Holiday Road – Part II

Vegas Vegas Vegas Vegas Vegas! Anyone who knows me (or even knows of me really) will know that there are two things to my life – politics and gambling. And gambling has been a part of me for a lot longer than politics. My first official gamble started when I was 16. For my 18th birthday all I asked was that we go to Star City casino – and we did. And for years I’ve been saying as soon as I turn 21, I’m going to Vegas. I turned 21 last year, and here I was, walking down the Vegas strip.

The drive there began early in the morning in Anaheim, California. Our tour group gathered at the bus, met our driver Marcus and our guide David. They would prove to be the two best people we could ask for. Marcus was great company off the bus, and obviously performed his job behind the wheel. David was extremely knowledgeable about everywhere we went, a hoot after hours, and just an all-round great guy.

The drive isn’t long (by later stages of the tour standards), and we started introduction games by rotating seats. Meeting the people we were traveling with and what-have-you. It was good enough, but being hopeless with names to faces, I’d only remember oddities or stories about people. Similarly, I’m a rather shy person in new situations, and around new people, and especially around women. I’m sure this showed during the introductions thing, but would be thrown out the window come the night.

We stopped for lunch at McDonalds, where I got what would you would normally get on a McMuffin here, but they serve it on a ‘biscuit’ – which is, I swear to you, just a scone. It tasted strange, but I wasn’t in any position to complain. It was just the first difference of many novel ones.

We were dropped in Vegas to entertain ourselves for an hour and some, then meet back at the bus to go to our hotel, then out to dinner and to some clubs. Stepping off the bus and onto the street, I was hit by a wall of heat. Not humid, but really dry and really sharp. You knew that you’d be getting skin cancer if you stood outside of shade for too long. I think we determined that the sun sent down a bunch of heat, and the reflection off the millions of windows and the thousands of pounds of concrete bounced it in all directions, but the pollution that hovered above the city (like Los Angeles) trapped the heat in. Either way, our days in Vegas were hot.

Walking down the Strip, I headed straight for the Bellagio casino, watched a fountain show, then headed in. I found a $25 table and sat down, played for a little, and moved on … right next door and a 2 minute (no more) to Caesars Palace. I gambled there for a little, then had to move on because I would otherwise miss the bus. Walking down the strip, I noted where I wanted to go, and planned accordingly. I would have to expend myself in such a way that defied not only jet lag but recommended sleeping hours as well.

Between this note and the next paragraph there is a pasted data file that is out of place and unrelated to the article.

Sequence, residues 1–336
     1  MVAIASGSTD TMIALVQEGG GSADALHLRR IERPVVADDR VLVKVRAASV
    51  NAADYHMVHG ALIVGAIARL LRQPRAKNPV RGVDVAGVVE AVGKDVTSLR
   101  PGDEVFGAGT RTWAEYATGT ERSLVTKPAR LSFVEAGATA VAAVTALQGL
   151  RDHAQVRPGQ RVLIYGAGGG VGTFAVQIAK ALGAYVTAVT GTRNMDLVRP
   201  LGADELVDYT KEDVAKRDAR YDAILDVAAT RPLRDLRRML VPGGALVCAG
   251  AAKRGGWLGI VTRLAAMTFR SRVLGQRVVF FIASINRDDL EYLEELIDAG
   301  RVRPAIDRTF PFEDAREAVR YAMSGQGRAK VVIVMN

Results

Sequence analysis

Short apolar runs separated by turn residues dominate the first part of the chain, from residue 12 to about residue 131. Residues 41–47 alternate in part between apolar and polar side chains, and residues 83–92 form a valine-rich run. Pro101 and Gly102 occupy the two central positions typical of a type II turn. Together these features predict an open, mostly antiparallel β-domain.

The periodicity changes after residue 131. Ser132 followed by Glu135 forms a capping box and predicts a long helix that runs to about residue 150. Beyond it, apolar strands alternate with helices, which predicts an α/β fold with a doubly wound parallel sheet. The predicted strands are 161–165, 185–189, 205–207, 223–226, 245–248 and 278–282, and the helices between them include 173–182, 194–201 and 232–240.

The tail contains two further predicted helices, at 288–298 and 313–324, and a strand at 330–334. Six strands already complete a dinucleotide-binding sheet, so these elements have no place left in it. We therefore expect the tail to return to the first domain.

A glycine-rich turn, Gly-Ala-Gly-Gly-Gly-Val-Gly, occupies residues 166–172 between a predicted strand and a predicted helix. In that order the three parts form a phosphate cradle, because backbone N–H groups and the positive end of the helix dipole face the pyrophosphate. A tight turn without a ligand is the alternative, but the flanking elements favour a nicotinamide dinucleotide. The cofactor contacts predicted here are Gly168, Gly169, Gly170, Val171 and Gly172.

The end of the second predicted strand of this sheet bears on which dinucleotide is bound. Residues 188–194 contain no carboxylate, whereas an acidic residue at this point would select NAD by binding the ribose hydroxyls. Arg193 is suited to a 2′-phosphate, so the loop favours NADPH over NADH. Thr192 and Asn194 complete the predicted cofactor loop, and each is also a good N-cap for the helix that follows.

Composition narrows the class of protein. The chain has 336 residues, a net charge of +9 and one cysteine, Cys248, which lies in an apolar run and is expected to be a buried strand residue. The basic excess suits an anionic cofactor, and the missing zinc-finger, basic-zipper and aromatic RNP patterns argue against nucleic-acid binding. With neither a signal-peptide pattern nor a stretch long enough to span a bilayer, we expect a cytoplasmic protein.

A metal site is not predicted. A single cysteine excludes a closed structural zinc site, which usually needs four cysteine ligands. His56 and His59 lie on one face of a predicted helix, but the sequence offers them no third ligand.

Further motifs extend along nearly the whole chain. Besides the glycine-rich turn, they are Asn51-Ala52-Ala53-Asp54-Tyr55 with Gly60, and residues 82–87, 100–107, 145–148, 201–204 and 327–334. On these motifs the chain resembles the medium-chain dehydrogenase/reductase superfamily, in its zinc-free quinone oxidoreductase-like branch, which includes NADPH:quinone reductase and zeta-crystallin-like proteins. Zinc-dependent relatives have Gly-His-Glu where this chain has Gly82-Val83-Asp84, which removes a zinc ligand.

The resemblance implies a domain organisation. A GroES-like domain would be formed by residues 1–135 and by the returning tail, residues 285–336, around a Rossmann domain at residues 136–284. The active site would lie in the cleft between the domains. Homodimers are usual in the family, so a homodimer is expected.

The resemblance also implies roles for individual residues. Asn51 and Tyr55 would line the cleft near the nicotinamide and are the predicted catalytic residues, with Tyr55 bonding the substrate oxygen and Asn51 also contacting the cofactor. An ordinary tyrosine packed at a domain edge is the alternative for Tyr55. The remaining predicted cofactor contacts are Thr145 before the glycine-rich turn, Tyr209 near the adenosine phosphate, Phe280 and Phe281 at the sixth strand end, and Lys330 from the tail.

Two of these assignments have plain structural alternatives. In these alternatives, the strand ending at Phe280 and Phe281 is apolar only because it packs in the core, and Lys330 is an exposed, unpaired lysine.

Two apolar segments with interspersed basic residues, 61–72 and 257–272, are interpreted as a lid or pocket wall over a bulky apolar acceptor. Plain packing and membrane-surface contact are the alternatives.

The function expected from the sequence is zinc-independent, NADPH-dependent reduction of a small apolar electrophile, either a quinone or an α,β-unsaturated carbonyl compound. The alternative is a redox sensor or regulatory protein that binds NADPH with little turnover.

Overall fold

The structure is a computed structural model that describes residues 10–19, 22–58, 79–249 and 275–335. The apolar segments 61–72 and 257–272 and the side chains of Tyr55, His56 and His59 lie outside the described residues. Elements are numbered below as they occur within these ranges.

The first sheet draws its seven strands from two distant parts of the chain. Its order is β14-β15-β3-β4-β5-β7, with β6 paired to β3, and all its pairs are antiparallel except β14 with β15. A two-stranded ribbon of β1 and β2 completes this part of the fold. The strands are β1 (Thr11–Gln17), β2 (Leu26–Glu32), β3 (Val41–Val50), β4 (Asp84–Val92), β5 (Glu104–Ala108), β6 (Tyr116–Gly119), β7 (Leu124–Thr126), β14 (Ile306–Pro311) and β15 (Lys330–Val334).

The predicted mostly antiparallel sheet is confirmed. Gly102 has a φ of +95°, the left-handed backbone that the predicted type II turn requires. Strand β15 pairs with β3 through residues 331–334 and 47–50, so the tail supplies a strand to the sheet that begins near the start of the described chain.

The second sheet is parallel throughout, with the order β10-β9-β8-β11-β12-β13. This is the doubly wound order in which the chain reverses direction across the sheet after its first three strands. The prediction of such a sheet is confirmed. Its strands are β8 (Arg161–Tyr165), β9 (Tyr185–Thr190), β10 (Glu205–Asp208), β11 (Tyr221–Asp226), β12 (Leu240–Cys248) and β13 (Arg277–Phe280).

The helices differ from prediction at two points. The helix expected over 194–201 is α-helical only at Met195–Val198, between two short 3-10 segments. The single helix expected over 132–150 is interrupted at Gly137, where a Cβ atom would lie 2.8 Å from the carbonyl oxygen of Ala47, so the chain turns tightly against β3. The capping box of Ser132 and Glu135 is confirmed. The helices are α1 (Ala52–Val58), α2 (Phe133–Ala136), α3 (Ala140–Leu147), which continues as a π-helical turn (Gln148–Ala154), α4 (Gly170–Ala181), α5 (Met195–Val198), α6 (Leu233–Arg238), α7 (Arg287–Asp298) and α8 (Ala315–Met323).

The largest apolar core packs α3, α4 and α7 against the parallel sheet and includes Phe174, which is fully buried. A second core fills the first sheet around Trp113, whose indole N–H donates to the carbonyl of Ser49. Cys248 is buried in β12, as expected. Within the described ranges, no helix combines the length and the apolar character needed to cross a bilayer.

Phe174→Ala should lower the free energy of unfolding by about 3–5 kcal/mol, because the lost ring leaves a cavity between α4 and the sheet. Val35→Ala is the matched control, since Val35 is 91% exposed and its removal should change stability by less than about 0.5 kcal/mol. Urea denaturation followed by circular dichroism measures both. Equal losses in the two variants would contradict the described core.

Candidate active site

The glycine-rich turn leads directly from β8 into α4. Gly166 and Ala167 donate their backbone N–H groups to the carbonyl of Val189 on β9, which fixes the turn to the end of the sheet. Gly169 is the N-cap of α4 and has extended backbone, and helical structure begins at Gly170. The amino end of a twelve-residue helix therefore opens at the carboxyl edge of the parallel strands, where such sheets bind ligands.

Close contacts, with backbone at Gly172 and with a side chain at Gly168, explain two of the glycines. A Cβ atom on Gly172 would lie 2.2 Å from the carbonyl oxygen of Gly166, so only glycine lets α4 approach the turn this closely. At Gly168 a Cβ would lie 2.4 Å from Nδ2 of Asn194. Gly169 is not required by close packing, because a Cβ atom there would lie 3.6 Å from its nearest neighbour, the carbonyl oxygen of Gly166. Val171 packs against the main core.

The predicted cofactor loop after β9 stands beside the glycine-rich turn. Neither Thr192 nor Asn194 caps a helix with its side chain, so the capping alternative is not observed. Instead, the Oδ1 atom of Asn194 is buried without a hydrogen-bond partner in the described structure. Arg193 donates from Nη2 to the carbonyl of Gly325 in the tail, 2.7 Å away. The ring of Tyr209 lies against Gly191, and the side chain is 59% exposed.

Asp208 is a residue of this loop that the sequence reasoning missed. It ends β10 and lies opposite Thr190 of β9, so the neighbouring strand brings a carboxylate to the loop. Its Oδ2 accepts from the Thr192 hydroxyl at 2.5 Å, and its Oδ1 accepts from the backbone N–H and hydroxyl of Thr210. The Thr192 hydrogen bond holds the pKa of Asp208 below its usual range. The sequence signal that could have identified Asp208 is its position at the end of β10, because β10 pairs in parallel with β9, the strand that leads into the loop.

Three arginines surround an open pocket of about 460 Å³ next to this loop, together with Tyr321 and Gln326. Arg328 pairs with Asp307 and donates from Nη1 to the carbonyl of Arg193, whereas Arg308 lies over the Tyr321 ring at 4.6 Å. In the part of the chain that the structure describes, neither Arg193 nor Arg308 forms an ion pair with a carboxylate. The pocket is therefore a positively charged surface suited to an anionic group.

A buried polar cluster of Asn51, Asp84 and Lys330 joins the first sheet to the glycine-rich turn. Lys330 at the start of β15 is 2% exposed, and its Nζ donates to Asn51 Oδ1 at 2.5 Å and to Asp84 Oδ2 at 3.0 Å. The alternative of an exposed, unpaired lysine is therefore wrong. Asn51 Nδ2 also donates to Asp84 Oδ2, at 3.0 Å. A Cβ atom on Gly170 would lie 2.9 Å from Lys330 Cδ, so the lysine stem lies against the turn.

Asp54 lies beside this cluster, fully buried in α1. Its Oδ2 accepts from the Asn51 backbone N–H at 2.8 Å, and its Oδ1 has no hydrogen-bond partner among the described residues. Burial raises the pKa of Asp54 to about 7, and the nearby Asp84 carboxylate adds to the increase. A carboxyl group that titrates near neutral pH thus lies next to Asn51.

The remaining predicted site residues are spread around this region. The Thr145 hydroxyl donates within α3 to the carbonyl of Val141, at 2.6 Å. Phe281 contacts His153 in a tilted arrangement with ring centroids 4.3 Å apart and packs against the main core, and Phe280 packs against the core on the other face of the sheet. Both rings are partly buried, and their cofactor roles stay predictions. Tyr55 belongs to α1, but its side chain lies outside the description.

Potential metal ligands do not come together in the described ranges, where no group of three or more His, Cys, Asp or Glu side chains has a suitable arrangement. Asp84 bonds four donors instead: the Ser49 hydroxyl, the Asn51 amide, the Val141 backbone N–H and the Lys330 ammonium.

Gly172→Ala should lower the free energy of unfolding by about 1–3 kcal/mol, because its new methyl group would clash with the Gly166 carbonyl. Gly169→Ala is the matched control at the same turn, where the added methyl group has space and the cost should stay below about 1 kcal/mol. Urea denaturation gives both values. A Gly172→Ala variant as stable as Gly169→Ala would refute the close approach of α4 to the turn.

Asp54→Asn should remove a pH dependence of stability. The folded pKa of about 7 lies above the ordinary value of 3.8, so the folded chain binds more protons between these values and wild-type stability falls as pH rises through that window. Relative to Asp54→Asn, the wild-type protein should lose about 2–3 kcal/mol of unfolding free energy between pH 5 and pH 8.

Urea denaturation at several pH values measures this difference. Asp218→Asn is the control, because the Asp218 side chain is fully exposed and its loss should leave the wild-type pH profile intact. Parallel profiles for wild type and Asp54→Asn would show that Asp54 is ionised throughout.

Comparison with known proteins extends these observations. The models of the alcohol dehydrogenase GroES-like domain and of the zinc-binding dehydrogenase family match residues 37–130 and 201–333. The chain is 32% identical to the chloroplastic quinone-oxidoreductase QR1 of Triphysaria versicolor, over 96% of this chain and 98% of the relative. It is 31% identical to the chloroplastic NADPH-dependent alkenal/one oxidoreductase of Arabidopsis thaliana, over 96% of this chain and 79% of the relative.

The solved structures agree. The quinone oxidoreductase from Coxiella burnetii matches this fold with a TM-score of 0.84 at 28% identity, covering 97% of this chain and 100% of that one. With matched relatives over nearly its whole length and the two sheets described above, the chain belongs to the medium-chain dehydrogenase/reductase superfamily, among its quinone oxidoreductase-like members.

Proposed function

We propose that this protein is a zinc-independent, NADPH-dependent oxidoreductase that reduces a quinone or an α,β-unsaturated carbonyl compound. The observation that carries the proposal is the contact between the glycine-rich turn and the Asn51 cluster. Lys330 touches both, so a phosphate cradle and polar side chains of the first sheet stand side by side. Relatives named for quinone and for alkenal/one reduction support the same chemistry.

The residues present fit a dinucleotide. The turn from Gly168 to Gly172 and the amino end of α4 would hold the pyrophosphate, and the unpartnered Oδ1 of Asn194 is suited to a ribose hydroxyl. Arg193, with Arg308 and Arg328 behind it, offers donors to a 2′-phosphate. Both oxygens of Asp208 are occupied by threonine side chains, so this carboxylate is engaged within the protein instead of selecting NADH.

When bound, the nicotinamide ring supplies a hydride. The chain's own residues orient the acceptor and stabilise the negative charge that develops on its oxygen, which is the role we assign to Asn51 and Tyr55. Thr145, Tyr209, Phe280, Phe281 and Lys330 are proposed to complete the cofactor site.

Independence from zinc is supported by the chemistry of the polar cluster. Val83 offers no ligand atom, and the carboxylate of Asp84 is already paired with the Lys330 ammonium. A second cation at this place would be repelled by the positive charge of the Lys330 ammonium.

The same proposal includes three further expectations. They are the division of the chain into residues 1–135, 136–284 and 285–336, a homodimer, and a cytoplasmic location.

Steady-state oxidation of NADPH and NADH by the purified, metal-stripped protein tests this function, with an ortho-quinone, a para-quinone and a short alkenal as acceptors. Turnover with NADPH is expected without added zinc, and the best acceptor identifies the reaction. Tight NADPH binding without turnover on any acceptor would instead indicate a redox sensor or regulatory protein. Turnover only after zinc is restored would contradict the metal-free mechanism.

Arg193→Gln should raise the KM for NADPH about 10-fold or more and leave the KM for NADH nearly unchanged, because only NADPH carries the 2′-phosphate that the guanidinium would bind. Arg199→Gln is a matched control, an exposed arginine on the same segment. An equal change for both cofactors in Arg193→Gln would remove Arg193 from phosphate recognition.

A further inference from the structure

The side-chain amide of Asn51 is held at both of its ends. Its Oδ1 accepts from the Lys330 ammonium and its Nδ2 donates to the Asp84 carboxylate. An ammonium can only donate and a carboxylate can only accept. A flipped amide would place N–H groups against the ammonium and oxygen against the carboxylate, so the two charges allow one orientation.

We were driven to our hotel, I met my first roommate, and we then went out for dinner to an Italian restaurant. The food was plenty, and good. I sat with various people, only on the basis of whose name I could remember (and I remembered 4). It was enjoyable enough. The restaurant was decorated rather interesting too – as if to be in a vineyard outside, but with all sorts of posters and newspaper clippings covering the walls. A strange mix.

After this, we went on a driving tour of Vegas. It was rather good, the sun setting after we all got the crucial photo of the famous Vegas sign. To drive all around Vegas takes a long, long time. Seriously, we were out and about for near on 2-3 hours. I took a heap of snaps, soaked it all in, and continued to plan my next day’s adventure. I was grateful for the tour because I wouldn’t have seen 3/4s of Vegas has I not gone out on the bus. We stopped to watch a giant show on the roof of a hotel. It’s something to see. What was obvious was that even thought I thought it was busy when we first arrived, there seemed to be more and more people on the streets as the night wore on. I wondered if the whole of America had headed for America’s playground.